As shown in Figure 8, the implement attachment unit uses a parallel link style and consists of the hydraulic cylinder for implement lifting, vertical parallel link, implement attachment link. The length of the hydraulic cylinder for implement lifting can be adjusted to within 290–435 mm. In such a case, the implement lifting range is approximately 391 mm, and the hitch point's forward and backward displacements are approximately 50.4 mm. In the implement attachment unit, an implement attachment link installed at the end of the parallel link, and the link is attached to an implement. The implements are easily attached and detached by simply fastening or removing the bolts, respectively, on the left and right sides.
The overall exterior of the three-wheel riding cultivator prototype is shown in Figure 9. As shown in the figure, the prototype was designed and built with overall length ´ width ´ height dimensions of 3,280 mm ´ 1,840 mm ´ 1,525 mm when the rear wheel is set to the maximum tread, excluding any cabin or safety frame.
Primary Specifications of Prototype
Table 1 shows the primary specifications of the three- wheel riding cultivator prototype that was designed and built.
Table 1. Specifications of the prototype three-wheel riding cultivator
|Type||-||Water cooled, four-stroke, gasoline|
|Transmission||Primary shift||-||HST (assembled hydraulic pump and motor)|
|Speed range shift||-||Selective gear type : high, low 2 stages|
|Theoretical travel speed||km/h||Forward:0-14.5 (high), 0-7.5 (low) Rearward:0-7.5 (high), 0-4.0 (low)|
|Travel device||Type||-||three-wheel driving|
|Tire dimension||-||4.50-19 (outer dia. 720 mm)|
|Front wheel drive||-||Gear and chain drive|
|Rear wheel tread||mm||1,320-1,720 (continuously variable)|
|Front and rear wheel distance||mm||2,130|
|Steering device||Type||-||Power steering (hydraulic cylinder + wheel and rack gears)|
|Quick turn||-||Front wheel speed up|
|Minimum radius of turning||m||2.8|
|PTO||Number of shafts||each||2 (mid and rear)|
|Clutch type||-||Tension belt type|
|Speed stage||-||2 (high and low)|
|Speed||rpm||1,300 (high), 838 (low)|
|Ground PTO||-||4.9 rev./1rev. of wheel|
|Implement hitch||Attaching type||-||Parallel link type|
|Implement control||-||Position control|
|External hydraulic takeoff||each||1|
|Dimension||Length x width x height||mm||3,280 ´ 1,840 ´ 1,525 (without cabin)|
|Minimum ground height||mm||670|
For the prototype's transmission, an all-in-one hydraulic pump and hydraulic motor HST is used as the primary transmission shift, and a low- and high-speed two-stage gear transmission is used as the speed range shift. It was designed to exhibit a forward speed of 0–14.5 km/h and a backward speed of 0–7.5 km/h. These are the maximum traveling speeds that are faster than the Japanese Yanmar three-wheel riding cultivator that is currently in the market and has an HST primary transmission and a one-stage gear-style speed range transmission shifts which exhibit a forward speed of 0–10.2 km/h and a backward speed of 0–4.8 km/h. When compared to the South Korean four-wheel riding cultivators with three- to four-stage constant mesh transmissions and synchromesh gear style transmissions which exhibit forward speeds of 0–14.3 km/h (Dongyang Moosan Co. Ltd., Korea, K1-C), 0-13.8 km/h (Dongyang Moosan Co. Ltd., Korea, K1-HC), 0-13.8 km/h (Kukje Machinery Co. Ltd., Korea, KM-2000), 0-11.5 km/h (Asia Technology Co. Ltd., Korea, CFM-1200), 0-12.6 km/h (Asia Technology Co. Ltd., Korea, CFM-1200H), and 0-11.8 km/h (Asia Technology Co. Ltd., Korea, CFM-1200N), the prototype is almost the same or faster. As such, it can be used for a variety of upland crop cultivation tasks (Yanmar, 2017; FACT, 2018).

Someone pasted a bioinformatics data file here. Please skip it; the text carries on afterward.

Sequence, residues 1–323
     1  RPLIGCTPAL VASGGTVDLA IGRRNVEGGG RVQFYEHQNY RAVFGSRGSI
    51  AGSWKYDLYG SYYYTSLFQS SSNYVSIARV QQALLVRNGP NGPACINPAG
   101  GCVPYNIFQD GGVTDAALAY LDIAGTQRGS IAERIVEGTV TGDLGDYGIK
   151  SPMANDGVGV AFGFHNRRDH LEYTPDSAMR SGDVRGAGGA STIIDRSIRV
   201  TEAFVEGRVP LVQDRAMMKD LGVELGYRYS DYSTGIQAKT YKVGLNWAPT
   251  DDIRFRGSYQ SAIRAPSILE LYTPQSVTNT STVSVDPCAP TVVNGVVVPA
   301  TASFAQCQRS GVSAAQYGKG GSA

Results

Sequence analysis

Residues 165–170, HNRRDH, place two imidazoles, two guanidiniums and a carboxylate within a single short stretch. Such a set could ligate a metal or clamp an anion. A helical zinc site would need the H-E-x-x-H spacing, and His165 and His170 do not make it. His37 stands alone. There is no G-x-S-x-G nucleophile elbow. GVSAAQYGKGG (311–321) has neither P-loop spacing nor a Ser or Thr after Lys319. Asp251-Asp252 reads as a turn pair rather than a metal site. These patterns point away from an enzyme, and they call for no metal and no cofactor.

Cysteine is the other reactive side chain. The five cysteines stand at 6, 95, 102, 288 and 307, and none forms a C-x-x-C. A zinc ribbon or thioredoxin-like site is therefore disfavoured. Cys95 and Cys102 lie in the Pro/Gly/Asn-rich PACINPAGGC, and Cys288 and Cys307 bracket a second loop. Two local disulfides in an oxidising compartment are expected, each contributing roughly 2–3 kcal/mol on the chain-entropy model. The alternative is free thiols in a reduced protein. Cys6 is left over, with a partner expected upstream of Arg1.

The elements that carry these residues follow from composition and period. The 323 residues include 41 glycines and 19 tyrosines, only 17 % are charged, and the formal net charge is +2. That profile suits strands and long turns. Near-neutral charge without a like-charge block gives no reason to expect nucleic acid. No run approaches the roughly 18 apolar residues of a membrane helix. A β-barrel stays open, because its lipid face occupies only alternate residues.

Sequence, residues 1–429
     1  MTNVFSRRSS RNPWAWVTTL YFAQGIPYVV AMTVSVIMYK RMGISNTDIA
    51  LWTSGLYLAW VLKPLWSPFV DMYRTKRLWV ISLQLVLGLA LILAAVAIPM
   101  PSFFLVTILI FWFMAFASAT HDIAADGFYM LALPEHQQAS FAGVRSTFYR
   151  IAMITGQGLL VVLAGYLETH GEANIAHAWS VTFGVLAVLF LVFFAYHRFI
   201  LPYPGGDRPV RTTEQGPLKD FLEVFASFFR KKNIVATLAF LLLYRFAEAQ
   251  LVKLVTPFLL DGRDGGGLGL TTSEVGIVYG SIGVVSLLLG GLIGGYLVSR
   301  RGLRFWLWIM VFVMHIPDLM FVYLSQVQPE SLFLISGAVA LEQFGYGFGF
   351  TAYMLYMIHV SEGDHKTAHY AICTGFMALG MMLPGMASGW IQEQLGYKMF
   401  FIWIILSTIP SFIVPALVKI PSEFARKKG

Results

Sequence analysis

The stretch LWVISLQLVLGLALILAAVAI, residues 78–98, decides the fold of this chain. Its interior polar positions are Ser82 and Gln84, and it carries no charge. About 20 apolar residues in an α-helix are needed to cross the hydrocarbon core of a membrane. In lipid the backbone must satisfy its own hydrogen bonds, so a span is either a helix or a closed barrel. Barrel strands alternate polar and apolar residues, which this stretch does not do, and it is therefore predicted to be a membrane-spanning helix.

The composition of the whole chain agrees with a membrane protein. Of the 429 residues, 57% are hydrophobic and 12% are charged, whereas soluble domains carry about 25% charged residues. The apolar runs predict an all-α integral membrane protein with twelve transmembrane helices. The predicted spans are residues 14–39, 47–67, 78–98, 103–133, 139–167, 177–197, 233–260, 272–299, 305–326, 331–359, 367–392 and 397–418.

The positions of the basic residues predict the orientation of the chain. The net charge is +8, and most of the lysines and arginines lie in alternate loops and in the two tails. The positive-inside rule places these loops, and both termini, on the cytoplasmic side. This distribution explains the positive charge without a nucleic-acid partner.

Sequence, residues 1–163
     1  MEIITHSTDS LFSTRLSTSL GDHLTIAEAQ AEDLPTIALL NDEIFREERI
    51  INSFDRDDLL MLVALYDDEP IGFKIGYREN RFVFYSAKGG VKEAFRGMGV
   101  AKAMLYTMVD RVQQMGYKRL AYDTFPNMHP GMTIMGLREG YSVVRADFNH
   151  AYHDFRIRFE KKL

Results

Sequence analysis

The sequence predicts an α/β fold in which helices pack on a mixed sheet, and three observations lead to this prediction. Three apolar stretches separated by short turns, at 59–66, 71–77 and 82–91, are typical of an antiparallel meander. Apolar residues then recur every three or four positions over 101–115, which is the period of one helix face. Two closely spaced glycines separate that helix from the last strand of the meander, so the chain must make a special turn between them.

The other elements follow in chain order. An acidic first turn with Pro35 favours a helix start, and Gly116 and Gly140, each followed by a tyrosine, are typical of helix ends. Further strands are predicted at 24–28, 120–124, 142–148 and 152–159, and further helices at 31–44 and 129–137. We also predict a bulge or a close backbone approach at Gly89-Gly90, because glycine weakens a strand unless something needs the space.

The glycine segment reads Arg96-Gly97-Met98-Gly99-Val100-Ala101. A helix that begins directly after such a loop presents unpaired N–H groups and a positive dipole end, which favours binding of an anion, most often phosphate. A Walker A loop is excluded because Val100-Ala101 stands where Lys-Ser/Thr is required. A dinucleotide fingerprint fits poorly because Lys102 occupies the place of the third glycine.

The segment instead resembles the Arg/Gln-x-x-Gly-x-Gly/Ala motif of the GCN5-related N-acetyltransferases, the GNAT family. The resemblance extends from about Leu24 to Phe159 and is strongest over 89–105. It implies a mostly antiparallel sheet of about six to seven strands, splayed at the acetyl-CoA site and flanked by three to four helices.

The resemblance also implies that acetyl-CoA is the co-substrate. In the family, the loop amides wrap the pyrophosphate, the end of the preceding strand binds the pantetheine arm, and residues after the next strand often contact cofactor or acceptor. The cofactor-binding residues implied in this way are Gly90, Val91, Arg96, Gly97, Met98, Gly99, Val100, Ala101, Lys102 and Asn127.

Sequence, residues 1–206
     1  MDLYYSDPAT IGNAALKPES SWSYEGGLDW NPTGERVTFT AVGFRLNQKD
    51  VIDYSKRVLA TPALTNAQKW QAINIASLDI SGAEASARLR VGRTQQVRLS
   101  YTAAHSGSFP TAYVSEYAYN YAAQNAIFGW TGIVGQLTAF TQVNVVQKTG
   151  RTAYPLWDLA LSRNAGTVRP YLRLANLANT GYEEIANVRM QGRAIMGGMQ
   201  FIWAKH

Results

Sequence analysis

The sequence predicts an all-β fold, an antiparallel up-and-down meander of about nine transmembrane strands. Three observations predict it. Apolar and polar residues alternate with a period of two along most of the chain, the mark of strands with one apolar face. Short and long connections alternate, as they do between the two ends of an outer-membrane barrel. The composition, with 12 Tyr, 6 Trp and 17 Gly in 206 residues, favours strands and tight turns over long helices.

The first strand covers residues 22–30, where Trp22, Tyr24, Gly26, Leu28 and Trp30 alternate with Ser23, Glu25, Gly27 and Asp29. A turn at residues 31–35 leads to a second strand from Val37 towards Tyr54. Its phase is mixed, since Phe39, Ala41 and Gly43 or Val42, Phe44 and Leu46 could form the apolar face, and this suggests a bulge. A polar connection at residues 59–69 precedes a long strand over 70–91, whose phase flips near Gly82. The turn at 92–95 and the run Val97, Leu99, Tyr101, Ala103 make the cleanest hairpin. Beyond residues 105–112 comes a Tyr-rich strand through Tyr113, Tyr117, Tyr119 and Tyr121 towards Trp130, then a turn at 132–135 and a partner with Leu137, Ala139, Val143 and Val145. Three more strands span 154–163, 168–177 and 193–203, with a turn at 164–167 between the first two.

In South Korea, cultivation practices vary according to the upland crop and the region; as such, this is a significant impediment to efficient agricultural mechanization. Rear wheel tread adjustment is necessary to adapt to various cultivation practices, and the prototype can perform the continuously variable adjustment of the rear wheel tread from 1,320 to 1720 mm through the hydraulic cylinders. This improves the adaptability and convenience significantly compared to the adjustment methods of the existing riding cultivators that adjust the wheel tread by varying the position of the wheels that are attached to the axle holes.
The prototype's steering equipment consists of the hydraulic cylinder, steering wheel, and rack gear. To reduce the turning radius, it is equipped with a front wheel attachment unit that turns more quickly and smoothly than the side clutch methods of the existing cultivators. The prototype's minimum turning radius was 2.8 m.
The PTOs for driving the implements are installed at two places in the mid-section and rear section to drive a variety of implements, and the transmission operates at two stages: low and high. Speed proportional PTOs are installed to perform tasks that are proportional to the travelling speed such as sowing, etc. The PTO clutch is a tension belt clutch.
The implement attachment unit is of the parallel link style. It attaches major implements to the riding cultivator's midsection, and controls the position of the implements through the hydraulic cylinders. An external hydraulic diffuser is installed at one location to hydraulically drive the implements.
When considering the prototype's overall size when a cabin or safety frame is installed, its width and height are similar to the Yanmar three-wheel riding cultivator, but the prototype's length is relatively larger. The weight of the prototype is 8.75 kN, and its lowest ground clearance is approximately 670 mm, which is heavier than the 6.40 kN weight of the Yanmar three-wheel riding cultivator and slightly higher than the 600 mm ground clearance of the Yanmar (Yanmar, 2017). The lowest ground clearances of the four-wheel riding cultivators that are currently being sold in the South Korean market are approximately 490–530 mm, and their weights are within 6.42–9.59 kN (FACT, 2018). In terms of the lowest ground clearance, the prototype is the best for upland crop cultivation tasks.